An “interface preserver” is available in the xRAGE code, which acts to reduce numerical diffusion of materials by steepening material gradients at their boundaries. Our previously published simulations use this approach. Recently, however, we have determined that disabling the interface preserver in xRAGE results in no noticeable differences in the primary points of comparison with the experimental data (synthetic radiographs), provided the AMR resolution is sufficiently refined. Because the FLASH code currently lacks a similar interface preserver, we have opted to disable the interface preserver in these xRAGE runs. However, for reasons discussed in Appendix B, a volume-of-fluid47 approach is used for several auxiliary materials in our 3D xRAGE simulations.
Often, FLASH computations will use a hyperbolic tangent function in the initial conditions to smoothly transition species' concentrations at interfaces between different materials. This relaxes the gradients and reduces some of the numerical diffusion that would otherwise occur. We do not use this here, and instead, we use a sharp transition between materials. This introduces a bit more numerical diffusion in the FLASH results, but it allows for a more direct comparison with the xRAGE simulations.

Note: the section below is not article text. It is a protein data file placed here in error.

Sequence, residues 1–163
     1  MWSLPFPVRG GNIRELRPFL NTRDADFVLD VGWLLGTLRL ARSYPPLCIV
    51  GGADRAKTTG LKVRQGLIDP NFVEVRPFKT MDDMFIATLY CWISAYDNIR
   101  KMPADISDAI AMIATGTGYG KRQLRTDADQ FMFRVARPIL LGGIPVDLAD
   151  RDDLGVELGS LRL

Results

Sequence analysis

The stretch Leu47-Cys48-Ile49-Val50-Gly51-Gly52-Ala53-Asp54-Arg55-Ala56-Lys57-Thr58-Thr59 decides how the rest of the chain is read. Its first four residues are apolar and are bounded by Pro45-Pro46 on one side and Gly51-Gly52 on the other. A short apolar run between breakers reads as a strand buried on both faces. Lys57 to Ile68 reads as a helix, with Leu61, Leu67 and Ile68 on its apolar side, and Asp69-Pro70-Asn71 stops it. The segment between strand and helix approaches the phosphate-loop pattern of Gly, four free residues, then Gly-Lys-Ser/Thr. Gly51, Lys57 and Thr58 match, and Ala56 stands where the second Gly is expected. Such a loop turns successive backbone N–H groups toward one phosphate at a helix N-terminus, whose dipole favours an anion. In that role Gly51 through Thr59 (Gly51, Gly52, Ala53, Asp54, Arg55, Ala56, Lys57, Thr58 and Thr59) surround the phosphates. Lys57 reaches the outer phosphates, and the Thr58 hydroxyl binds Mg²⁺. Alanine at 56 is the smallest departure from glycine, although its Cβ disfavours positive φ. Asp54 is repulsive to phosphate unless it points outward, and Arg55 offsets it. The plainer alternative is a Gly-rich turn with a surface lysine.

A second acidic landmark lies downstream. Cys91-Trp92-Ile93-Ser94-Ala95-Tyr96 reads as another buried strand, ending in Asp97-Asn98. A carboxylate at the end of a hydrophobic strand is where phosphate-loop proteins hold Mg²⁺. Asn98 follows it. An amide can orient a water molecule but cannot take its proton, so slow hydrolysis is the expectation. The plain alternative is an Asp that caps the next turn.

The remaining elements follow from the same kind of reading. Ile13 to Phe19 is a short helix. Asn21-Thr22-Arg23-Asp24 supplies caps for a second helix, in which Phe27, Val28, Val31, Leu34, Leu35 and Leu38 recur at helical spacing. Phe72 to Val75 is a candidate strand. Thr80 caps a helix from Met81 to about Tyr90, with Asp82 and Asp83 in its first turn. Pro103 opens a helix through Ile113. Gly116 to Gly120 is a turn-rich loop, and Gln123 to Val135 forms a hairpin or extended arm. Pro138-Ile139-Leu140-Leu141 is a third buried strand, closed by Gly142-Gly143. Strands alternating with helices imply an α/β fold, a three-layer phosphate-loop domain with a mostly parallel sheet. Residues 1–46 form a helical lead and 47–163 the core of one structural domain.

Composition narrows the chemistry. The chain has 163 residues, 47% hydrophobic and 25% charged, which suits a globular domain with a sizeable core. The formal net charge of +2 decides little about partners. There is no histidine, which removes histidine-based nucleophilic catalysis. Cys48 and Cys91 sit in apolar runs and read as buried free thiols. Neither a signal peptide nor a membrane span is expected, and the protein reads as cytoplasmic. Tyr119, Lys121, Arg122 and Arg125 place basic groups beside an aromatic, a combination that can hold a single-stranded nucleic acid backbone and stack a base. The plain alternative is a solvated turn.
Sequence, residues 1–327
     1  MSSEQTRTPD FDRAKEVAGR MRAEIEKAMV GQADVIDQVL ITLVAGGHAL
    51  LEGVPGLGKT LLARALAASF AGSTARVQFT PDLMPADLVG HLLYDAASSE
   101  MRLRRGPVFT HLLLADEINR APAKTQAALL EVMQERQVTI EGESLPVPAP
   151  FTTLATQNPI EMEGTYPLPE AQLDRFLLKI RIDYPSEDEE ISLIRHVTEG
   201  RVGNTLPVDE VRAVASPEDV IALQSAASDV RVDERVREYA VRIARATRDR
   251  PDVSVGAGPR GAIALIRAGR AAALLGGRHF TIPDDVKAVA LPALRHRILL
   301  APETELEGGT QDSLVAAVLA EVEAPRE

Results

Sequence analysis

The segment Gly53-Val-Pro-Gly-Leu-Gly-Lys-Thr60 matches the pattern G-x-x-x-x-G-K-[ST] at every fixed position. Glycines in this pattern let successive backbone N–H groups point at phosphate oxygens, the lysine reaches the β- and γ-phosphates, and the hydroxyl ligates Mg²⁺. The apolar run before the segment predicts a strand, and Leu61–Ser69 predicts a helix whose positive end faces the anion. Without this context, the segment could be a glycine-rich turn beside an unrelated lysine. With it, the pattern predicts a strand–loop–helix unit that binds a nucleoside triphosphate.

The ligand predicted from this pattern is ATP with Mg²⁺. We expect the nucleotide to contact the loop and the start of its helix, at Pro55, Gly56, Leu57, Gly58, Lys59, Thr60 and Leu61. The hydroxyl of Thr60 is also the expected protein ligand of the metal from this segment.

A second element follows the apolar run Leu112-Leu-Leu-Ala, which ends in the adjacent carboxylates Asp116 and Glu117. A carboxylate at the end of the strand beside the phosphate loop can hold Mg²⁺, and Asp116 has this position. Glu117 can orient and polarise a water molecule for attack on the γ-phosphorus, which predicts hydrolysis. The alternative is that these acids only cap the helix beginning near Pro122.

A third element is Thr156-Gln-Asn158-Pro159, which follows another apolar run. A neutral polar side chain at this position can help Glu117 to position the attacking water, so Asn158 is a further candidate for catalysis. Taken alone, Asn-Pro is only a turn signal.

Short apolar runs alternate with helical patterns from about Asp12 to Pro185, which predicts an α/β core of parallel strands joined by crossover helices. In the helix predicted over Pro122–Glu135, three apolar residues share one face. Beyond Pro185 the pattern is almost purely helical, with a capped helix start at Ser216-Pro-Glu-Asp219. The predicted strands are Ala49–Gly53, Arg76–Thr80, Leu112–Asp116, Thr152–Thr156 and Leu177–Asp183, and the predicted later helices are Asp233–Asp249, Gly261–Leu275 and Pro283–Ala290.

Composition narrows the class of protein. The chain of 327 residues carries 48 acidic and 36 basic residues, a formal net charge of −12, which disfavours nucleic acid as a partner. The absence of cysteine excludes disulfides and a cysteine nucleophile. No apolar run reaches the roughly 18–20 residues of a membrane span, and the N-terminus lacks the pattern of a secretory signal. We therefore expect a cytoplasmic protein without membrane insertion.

2. Computational domain and AMR choices in 2D
For the 2D xRAGE simulations, the level 1 AMR cell size is 64 , and the minimum AMR cell size allowed is 0.5 . Dezoning is used to limit the number of cells outside of the cylindrical target. The 2D xRAGE simulation spans and , chosen so that the target sits far from the domain edges and boundary conditions become unimportant.
In the 2D FLASH simulations, the level 1 AMR cell size is 4 , though we use 16 × 16 cells in a level 1 block. All blocks with marker material are allowed to refine to a minimum cell size of 0.5 , while blocks with just ablator or foam material are refined to 1 . The 2D FLASH simulation only extends to and , but it allows mass, momentum, and energy (heat) to flow out of the domain boundaries.